Wednesday, November 9, 2011

How to Do a Basic Wheelie on a Motorcycle

Wheelies can be fun, but make sure you do them safely and in a place where they're legal. First and foremost, you do wheelies by the feel and sound of the engine, not by what the tachometer says. Everyone has different power and sprocket setups, plus you don't need to be looking at your tach. Pay attention to the road.

First step is a basic "roll on power wheelie". Basically you need a bike with enough power to raise the front wheel off the ground with simple acceleration. You need to get comfortable with the front end getting "light". Most stock bikes won't be able to do this without some modification. You can also try getting the bike up to a good speed in first gear(around 10-20 kph), once you reach the powerband (where the engine starts to go faster with little throttle) let off just a little, then give it a lot of gas. Not so much gas that you flip over, but a good amount. You'll notice the front end pick up, and if you let off the gas, it goes back down. More gas after the powerband will get it up higher. If you don't have a stabilizer, this would be the ideal time to get one. Trying to lift the bike off the ground and then comming back down suddenly will cause the front tire to shake. If you don't land almost perfectly straight, you will do a highside (flip off the bike over the front). You will be hurting and so will your bike. Once you get comfortable with the front end getting light, try to carry the wheelie further each time. After you are comfortable with this move on to the next step, which is slipping the clutch.

Roll at about 10-20 kph in first gear on

Pull in the clutch and rev the motor a little, then slip the clutch. Do this a few times with a little more gas each time until you start to feel comfortable with how high the front end is coming up. The front end will come up quicker than a power wheelie, so be prepared.

Once you are comfortable getting the front up a little, it's time to worry about throttle and brake control. Use the throttle to maintain the height of the wheelie and the back brake to keep from looping the bike. Chopping the throttle while in first will almost always bring you back over, but you will most likely slam the front pretty hard.

If you get good enough at the brake control, you can ride a wheelie in first until the motor blows, in theory. But at first you will probably just run through your rpm range and drop the front down. This is when you need to shift to second. It's a clutchless shift, at the peak of the wheelie when you have about 3k rpms left before redline. Let the front come down just a bit and simultaneously shift to second.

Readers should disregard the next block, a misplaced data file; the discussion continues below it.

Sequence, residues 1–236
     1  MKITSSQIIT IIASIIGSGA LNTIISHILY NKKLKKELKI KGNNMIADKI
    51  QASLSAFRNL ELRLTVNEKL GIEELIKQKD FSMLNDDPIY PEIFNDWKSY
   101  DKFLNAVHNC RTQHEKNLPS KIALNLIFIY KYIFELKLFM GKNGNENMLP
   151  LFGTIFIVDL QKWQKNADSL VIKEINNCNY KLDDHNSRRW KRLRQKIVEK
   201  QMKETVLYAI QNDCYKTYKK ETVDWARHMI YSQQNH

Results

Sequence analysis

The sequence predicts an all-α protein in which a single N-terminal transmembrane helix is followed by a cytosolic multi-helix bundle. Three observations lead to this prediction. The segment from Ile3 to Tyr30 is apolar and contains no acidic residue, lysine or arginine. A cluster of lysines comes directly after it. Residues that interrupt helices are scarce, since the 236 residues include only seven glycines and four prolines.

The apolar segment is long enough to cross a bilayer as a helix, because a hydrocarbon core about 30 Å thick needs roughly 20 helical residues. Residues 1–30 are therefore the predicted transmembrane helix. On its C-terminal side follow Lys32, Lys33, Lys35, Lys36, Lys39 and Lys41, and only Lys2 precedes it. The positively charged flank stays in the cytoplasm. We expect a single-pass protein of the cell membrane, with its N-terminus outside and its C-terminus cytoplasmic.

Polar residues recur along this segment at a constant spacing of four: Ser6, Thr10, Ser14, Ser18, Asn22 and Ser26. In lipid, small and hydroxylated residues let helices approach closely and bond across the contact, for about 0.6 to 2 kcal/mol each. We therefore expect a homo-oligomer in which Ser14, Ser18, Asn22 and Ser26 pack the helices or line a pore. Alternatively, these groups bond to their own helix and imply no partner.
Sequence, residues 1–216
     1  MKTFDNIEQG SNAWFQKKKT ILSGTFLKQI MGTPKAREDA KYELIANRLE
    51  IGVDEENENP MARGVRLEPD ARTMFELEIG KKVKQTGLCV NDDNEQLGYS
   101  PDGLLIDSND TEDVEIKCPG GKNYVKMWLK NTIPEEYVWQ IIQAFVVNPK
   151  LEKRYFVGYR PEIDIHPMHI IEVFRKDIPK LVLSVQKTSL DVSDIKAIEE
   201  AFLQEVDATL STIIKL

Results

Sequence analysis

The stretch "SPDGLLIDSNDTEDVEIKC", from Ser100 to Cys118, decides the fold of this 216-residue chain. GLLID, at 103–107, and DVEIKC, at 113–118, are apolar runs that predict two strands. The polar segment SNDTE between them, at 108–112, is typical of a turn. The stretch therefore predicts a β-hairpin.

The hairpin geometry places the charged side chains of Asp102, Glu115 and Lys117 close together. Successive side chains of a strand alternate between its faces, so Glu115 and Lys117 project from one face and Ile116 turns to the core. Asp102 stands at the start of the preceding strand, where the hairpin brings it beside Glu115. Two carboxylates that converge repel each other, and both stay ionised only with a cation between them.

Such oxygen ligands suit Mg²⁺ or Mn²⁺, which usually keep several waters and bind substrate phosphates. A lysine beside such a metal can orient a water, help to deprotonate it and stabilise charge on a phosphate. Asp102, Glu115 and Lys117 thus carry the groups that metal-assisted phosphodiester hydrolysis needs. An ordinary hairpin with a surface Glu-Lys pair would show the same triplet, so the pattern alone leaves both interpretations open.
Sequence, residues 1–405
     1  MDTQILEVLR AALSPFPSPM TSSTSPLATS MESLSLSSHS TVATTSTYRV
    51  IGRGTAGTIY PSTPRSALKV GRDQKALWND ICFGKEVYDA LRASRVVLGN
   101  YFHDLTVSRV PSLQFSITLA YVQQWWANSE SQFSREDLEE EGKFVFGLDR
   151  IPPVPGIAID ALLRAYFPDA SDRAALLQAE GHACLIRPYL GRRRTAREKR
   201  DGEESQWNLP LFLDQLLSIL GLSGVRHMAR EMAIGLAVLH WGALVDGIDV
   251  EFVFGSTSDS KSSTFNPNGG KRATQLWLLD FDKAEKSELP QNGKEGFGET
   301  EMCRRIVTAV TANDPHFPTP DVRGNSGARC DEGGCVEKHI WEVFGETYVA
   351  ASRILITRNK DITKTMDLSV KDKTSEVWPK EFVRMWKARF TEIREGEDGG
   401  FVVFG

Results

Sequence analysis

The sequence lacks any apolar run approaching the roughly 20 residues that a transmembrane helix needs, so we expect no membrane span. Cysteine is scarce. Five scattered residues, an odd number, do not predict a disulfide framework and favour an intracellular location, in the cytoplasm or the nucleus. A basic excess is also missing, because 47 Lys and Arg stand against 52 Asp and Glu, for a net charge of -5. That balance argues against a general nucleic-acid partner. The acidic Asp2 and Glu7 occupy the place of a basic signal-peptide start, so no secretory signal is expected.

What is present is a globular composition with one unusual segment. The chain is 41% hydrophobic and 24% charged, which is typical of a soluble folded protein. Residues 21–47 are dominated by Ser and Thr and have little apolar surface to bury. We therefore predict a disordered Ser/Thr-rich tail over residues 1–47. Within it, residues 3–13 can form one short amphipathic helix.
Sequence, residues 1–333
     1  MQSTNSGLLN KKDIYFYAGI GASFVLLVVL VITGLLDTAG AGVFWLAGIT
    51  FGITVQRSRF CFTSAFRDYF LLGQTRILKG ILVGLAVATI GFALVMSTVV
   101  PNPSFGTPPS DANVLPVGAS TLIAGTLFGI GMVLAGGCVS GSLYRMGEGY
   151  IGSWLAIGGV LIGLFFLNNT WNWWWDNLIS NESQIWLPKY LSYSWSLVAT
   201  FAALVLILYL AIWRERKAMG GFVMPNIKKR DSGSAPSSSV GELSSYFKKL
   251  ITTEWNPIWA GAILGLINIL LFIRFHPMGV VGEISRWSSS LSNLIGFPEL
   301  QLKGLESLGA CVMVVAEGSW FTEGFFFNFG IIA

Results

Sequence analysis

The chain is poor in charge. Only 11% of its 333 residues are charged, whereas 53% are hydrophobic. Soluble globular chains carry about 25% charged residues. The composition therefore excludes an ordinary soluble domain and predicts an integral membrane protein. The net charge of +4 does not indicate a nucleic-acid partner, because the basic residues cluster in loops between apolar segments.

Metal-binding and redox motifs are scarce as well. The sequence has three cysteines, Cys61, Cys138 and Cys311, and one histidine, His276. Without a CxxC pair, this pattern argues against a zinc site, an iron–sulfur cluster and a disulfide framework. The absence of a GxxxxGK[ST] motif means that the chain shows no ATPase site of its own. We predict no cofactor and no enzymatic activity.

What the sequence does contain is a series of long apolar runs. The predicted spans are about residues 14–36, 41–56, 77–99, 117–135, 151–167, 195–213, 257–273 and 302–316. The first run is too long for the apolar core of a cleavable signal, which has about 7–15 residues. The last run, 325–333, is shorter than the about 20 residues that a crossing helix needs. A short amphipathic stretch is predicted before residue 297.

Once you get in the second gear, pull the accelerator so as not to let the bike go down due to inertia, and find a balance point upon which your bike is steady in the air on the front wheel. Balance point can be found by leaning on the rear side of the bike, so that centre of gravity of the whole system (you and bike) is in the centre, and you can roll on long. But take care as not to shift the body position on the back side, as you will be likely to fall in that case, and keep your rear brake ready for any such situation.


  • Body position is very important. Beginners may be uncomfortable and hug the tank with their knees to help hold on, but ideally sliding back against the rear seat is the best place.
  • On powerful street bikes, as soon as you shift to second the front end will pull up a little so keep the rear brake covered.
  • If you have never done a clutchless shift, practice on two wheels first. Get your rpm's up fairly high, back off the throttle just a bit and shift firmly so you don't hit neutral.
  • Stand up wheelies, either both feet on the back pegs or just the left foot on the back peg can make it much easier to balance a wheelie.
  • Practicing on a pushbike will help get the feel for the balance point and rear brake control. The feeling of looping and the balance point is very similar. Once you master this skill transferring it to a motorbike is easier.


  • Wheelies are dangerous, even when done by professionals.
  • Wear protective gear and practice on a small dirt bike such as a 100cc-150cc. These smaller bikes can help tremendously with learning brake control which will prevent you from looping a motorcycle.
  • Do not think you can learn to ride wheelies in a day. Even practicing every day will take you a few weeks to get comfortable. Most of the pros you see in videos or doing shows have been doing it for many years. So don't get afraid, go on.

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